• or when I got two D’s my very first semester even though I had never gotten anything but A’s in high school

And these were just some of the many occurrences during my very first semester. It shook my confidence. At that point I had formed an identity solely based on being successful and liked by others. But when the environment changed  and I didn’t get the feedback that I had always gotten all my life, I felt like shit. Who was I if I wasn’t  excelling and well-liked? What could I possibly have to offer?

And in hindsight, each of these experiences was clearly not the end of the world. By any means.

They simply bruised my ego. And I didn’t have the coping skills to deal with them. These experiences made me doubt who I was. I had no frame of reference. I felt like a loser and I was deeply ashamed. I honestly felt like I had nothing to offer the world.

And even worse, I felt like I didn’t have anyone who I could talk to about it. The people back home were rooting for me. They were excited that I had a chance that many would never have and they were deeply vested in my success. Not only could I not let them down, I couldn’t even let them know I was struggling. Or at least that’s what I told myself.

My  mom was very supportive in her own way. But she didn’t really have a frame of reference either. And we didn’t have a language to communicate with each other about it. I didn’t know how to be vulnerable enough to share just how emotionally hard the experience was for me. And  my mom was real old school. She came from the “just suck it up” school. In other words, “You got problems? Well so what. So do I and everybody else. You got food, a place to live, and family. So whatever you’re going through can’t be that bad. Get over it.”

To be fair, my mom was trying to teach me resilience. A very valuable skill. A tool I also use to this day.

But in that moment I needed a little bit more. I could get it together enough to go through the motions, but I couldn’t stop feeling  like shit. I felt so bad about myself every single day. And it was painful.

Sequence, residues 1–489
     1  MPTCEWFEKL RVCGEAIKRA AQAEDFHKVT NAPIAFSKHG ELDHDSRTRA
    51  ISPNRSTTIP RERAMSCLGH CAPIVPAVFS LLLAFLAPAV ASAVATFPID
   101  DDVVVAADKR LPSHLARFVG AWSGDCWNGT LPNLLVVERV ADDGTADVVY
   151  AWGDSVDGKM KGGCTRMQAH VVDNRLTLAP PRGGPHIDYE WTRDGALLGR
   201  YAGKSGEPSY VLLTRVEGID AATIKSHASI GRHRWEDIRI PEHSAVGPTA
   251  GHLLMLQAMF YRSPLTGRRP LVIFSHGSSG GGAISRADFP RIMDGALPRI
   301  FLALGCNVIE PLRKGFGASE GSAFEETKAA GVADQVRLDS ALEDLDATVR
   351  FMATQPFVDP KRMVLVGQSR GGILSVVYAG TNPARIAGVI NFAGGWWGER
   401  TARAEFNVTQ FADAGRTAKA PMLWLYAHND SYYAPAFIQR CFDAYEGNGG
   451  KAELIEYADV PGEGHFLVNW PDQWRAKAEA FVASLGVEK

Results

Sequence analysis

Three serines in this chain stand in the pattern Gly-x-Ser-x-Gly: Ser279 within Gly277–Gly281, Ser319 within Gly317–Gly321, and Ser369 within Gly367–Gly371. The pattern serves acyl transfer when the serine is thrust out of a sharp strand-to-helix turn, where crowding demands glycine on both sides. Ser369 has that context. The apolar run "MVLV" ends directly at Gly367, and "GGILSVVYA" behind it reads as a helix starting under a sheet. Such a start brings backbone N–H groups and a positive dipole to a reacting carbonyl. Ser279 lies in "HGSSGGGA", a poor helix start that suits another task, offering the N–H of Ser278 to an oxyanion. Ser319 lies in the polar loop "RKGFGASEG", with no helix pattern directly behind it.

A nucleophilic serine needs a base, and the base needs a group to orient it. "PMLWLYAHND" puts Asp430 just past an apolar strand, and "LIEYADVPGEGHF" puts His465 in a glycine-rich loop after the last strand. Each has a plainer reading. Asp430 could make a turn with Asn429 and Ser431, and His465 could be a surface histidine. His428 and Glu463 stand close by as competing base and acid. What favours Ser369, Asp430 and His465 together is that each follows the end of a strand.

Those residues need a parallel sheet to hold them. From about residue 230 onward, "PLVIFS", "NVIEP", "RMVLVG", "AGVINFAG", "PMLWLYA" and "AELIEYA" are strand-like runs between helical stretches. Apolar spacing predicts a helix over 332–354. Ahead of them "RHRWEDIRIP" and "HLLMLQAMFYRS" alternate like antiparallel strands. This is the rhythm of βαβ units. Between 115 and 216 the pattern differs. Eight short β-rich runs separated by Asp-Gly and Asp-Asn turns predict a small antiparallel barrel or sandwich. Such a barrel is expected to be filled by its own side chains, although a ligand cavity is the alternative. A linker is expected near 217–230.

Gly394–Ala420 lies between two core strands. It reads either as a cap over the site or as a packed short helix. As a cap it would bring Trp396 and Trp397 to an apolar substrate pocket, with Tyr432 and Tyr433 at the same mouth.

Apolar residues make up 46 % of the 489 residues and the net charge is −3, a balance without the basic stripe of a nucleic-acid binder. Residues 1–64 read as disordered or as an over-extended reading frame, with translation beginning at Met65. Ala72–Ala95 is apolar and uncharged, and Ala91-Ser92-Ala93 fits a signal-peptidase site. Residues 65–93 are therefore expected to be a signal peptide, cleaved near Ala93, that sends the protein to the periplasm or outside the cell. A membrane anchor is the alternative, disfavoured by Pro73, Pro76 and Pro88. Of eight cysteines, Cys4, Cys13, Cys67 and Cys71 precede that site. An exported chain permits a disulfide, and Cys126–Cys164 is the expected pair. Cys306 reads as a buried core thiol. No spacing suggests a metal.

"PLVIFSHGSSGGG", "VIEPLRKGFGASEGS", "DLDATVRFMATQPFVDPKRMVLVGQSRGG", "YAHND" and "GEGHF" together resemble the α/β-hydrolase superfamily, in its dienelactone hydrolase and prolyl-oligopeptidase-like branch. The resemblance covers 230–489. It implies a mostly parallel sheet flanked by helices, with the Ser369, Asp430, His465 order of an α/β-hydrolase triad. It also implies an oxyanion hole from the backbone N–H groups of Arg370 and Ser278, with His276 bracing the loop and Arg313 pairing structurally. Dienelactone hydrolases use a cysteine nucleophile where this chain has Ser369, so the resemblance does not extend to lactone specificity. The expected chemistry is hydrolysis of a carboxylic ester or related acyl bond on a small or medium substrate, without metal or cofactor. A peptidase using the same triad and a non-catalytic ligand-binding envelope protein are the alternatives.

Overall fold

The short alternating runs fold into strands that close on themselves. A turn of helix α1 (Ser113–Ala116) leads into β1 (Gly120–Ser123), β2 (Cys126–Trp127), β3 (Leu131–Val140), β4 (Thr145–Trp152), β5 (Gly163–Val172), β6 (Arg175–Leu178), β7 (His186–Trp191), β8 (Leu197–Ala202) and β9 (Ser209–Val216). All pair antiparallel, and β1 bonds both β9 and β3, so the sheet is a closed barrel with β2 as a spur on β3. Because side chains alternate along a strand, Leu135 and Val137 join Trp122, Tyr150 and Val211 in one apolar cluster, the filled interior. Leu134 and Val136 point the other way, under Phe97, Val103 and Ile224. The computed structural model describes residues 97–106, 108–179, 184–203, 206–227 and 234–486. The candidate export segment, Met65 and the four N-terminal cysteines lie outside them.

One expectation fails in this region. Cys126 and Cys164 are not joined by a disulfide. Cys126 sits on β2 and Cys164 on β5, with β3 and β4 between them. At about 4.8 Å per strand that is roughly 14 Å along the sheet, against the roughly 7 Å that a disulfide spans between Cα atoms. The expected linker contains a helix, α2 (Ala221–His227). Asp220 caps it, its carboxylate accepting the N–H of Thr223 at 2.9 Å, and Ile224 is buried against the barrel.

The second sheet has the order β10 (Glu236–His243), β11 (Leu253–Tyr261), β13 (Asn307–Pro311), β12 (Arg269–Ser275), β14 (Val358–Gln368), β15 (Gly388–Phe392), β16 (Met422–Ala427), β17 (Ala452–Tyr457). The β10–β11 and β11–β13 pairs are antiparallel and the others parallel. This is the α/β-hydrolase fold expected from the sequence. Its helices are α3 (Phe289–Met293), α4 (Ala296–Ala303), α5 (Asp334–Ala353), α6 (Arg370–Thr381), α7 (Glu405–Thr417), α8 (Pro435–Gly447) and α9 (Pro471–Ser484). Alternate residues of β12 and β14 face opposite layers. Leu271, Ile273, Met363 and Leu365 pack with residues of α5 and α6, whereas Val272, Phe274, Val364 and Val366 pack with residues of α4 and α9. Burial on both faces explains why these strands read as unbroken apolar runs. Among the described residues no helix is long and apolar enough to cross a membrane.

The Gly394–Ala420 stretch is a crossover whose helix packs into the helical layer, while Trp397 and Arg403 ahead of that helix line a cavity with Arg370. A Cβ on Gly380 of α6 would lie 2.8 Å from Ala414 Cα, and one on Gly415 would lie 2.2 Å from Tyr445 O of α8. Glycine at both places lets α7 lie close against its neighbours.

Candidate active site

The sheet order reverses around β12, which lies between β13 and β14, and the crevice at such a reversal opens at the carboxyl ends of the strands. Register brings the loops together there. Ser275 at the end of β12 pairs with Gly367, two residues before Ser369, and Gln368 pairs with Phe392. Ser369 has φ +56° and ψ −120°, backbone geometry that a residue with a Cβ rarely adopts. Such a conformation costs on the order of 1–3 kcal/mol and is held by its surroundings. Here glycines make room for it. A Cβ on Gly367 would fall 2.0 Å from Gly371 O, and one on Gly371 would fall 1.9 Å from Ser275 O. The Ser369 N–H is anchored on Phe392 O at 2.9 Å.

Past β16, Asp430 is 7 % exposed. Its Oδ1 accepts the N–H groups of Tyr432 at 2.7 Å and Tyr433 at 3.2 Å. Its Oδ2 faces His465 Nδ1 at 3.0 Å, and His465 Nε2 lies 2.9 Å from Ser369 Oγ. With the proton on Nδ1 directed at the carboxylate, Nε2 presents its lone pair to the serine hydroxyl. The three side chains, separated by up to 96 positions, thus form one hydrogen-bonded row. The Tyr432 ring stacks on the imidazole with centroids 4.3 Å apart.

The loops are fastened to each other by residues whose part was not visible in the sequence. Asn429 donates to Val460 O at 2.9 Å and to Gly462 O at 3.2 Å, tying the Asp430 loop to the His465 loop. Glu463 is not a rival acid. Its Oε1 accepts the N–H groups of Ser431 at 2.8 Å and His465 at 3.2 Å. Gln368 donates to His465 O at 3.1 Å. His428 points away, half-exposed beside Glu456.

So since I couldn’t talk to anyone, as a very last resort, I decided to go  to the student counseling center and the experience was absolutely awful.

Stay tuned for part 2 where I talk about why I didn’t go back to counseling for 15 years later and how I finally got through this tough time.

How to Move Past Fear and Get Busy Doing What You Want to Do


A couple of days ago, I wrote a post about my thoughts on the new Shonda Rhimes book,  Year of Yes.

Her book inspired me to think about the way I could take action and improve various areas of my own life.

But what was really remarkable for me was her realization that she had slowly made herself miserable by denying herself some really awesome experiences because of fear.  Fear. Even though hard work had allowed her to reach amazing and historical professional highs, fear kept her from enjoying it.

And her story completely resonated with me. Because I know exactly what that feels like–being trapped by my very own thoughts telling me that I am not good enough. Telling me that it is not “realistic” to go after the things that I truly desire. That was my way of life for years. And I too was miserable.

Fear sucks. It has the power to paralyze. Fear has the potential to make each of us shrink. Fear has the power to imprison.

But we were born to be free.  And the worse part about the prison that fear creates is that it can make you  think that you are simply being”realistic” by not living.  “Realistic” is what you want it to be. Staying in place out of fear is not “being realistic.” It’s being trapped and miserable.

The essence of life is growth and movement and change. Don’t let fear stop you from living.

In order to truly live a life of abundance, we simply cannot be ruled solely by fear.

Here are some tactics to help keep fear in its place so you can be free to go after what you really want:

1. Feel the fear, and do it anyway

You might think that there are some among us who are braver than most. And this might very well be true. But when we look at the word brave, it doesn’t mean that absence of fear. The definition of bravery is more along the lines of feeling the fear and doing it anyway. I’ve heard some of my favorite actors/comedians say that they still s get the bubble guts right before a performance. They feel the fear and do it anyway. They push through it. They don’t let fear stop them in their tracks.

Sometimes we simply have to go through an obstacle in order to get to the other side.  Don’t stop. Go through it.

2. Assess the risk and make a plan

Whenever you are afraid of something, ask yourself what is the absolute worst that could happen.  90% of the time, the answer to the question is embarrassment.  Or judgment from other people. So essentially, what that means is that you value other people’s opinion more than your own. And you’re willing to be a slave to other people’s opinion.